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The medical and surgical treatment of erectile dysfunction: a review and update
The James Buchanan Brady Urological Institute and Department of Urology, The Johns Hopkins University School of Medicine, Baltimore, Maryland
Aug  2020 (Vol.  27, Issue  43, Pages( 28 - 35)
PMID: 32876000


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    Erectile dysfunction (ED) is a common condition affecting more than 3 million men in the United States every year. Given the prevalence of severe co-morbidities associated with ED, the clinician must take a thorough history and conduct a diagnostic exam accordingly. The clinician should consider that every man who presents with ED is unique with regards to his symptoms, degree of stress, associated health conditions, sexual relationship quality, and sociocultural context. The clinician determines an appropriate treatment plan that is aligned with the patient's and his partner's priorities and values, adopting a shared decision-making process. The clinician must possess sufficient knowledge of all available treatment modalities and be able to offer to all treatment options that are not contraindicated, regardless of invasiveness or irreversibility, as potential first-line treatments.


    Current medical and surgical treatment options in ED, including novel and innovative therapeutic options, were reviewed.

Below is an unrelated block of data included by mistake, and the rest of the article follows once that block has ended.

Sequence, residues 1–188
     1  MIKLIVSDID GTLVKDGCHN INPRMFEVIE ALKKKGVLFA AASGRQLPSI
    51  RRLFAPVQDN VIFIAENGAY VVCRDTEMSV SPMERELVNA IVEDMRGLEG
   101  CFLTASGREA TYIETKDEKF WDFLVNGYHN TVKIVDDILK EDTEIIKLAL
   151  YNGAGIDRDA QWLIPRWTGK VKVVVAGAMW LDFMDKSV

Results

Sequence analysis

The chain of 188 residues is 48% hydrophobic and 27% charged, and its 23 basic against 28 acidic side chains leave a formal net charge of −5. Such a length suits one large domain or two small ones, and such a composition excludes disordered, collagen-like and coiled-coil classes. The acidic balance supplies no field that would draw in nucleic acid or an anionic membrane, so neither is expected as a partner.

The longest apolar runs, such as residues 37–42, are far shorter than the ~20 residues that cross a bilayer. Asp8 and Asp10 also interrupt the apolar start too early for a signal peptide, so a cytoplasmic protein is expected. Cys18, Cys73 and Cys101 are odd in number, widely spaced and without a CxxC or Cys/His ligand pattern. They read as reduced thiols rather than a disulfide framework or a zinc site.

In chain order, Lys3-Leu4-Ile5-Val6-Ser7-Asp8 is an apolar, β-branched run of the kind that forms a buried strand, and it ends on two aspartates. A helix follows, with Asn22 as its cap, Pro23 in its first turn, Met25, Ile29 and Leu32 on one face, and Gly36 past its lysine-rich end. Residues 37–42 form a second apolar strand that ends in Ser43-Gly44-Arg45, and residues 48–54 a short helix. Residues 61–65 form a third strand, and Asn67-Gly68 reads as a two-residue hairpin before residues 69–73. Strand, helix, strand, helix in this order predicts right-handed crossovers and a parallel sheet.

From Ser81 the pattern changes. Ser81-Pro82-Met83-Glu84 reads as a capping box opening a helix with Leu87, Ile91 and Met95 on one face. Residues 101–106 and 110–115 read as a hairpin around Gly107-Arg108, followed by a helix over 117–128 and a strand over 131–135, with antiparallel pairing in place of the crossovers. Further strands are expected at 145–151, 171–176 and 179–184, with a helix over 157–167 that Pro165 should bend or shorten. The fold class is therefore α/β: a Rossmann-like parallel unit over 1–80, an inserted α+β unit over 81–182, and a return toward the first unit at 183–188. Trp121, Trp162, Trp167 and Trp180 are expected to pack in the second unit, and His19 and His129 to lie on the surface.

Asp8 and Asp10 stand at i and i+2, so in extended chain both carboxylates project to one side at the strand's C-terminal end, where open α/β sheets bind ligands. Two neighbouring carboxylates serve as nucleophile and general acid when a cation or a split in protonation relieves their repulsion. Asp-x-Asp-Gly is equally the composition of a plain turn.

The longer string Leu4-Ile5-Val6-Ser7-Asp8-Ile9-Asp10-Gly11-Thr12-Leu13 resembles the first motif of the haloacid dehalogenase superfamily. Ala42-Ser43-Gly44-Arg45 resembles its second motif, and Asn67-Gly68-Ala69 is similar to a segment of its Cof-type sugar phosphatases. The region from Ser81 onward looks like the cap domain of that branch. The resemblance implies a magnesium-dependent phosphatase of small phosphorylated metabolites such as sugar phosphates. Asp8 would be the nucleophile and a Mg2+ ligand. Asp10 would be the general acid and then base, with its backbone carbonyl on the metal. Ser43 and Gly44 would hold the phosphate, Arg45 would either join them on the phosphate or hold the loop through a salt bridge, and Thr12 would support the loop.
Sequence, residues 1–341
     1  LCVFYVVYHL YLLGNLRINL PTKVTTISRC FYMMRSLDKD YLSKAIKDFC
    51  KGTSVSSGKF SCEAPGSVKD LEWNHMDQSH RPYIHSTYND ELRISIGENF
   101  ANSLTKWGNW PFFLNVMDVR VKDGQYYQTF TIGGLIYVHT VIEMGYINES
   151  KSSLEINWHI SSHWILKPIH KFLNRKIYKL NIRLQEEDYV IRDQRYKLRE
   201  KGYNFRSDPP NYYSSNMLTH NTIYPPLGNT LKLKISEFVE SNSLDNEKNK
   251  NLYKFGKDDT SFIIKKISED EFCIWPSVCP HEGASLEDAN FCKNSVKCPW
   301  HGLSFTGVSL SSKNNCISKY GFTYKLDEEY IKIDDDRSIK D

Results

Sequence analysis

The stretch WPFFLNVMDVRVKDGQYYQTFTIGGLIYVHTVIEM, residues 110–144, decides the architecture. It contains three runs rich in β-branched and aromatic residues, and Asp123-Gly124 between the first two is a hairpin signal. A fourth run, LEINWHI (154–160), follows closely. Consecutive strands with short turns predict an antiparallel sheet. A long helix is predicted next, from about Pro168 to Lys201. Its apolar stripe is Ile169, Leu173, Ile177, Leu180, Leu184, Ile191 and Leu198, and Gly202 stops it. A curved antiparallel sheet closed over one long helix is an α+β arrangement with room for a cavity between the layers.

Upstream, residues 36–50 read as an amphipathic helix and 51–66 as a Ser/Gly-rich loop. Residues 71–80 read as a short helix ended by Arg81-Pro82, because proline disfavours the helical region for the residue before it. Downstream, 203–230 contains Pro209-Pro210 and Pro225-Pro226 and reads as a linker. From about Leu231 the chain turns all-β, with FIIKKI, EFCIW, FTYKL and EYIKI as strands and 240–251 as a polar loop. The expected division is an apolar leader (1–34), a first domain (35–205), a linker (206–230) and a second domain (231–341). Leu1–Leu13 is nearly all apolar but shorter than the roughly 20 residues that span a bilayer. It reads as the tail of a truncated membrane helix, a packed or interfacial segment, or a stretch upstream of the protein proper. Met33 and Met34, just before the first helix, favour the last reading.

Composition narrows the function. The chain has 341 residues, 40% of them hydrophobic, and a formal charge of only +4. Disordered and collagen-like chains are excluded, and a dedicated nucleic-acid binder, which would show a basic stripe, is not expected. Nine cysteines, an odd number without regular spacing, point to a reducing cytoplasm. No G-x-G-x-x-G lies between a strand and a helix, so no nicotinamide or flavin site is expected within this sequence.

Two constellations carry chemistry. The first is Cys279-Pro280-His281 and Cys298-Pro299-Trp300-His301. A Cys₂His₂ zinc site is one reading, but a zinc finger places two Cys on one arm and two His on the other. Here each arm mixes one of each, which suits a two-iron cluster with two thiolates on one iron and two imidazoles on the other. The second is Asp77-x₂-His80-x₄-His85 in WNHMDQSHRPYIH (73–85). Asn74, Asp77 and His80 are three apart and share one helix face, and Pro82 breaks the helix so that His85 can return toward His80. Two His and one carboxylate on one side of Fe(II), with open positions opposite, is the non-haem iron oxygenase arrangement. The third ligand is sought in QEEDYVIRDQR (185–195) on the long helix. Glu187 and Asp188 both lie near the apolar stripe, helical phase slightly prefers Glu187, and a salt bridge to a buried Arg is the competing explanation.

There are a variety of treatment options for the management of ED, both medical and surgical. The most commonly considered medical treatment option is phosphodiesterase type 5 inhibitors (PDE5i), which has been proven successful in up to 65% of men with ED. Other treatment options, such as vacuum erection device or intracavernosal injection therapy using vasodilator medications, should be considered in men who have contraindications or are non-responders to PDE5i. Surgical treatment of ED using penile implants has undergone multiple improvements over the years with low device failure and infection risks providing an effective and satisfying treatment alternative. Other therapies, such as penile vascular surgery, extracorporeal shock wave therapy, and intracavernosal stem cell therapies, are novel and should be considered investigational due to lack of evidence supporting their long term safety and efficacy.


    The management of ED requires considerations of all aspects of the patient's health and involvement of the patient and his partner in the decision-making process. Patients should be informed of all available treatment options and be able to choose the option that is most aligned with their condition, goals, and risk tolerance. There are medical and surgical therapeutic options available in the management of ED, all supported with the best level of evidence. Novel therapeutic options are promising; however, randomized controlled trials with long term follow up periods and larger sample sizes are needed to support their safety and efficacy.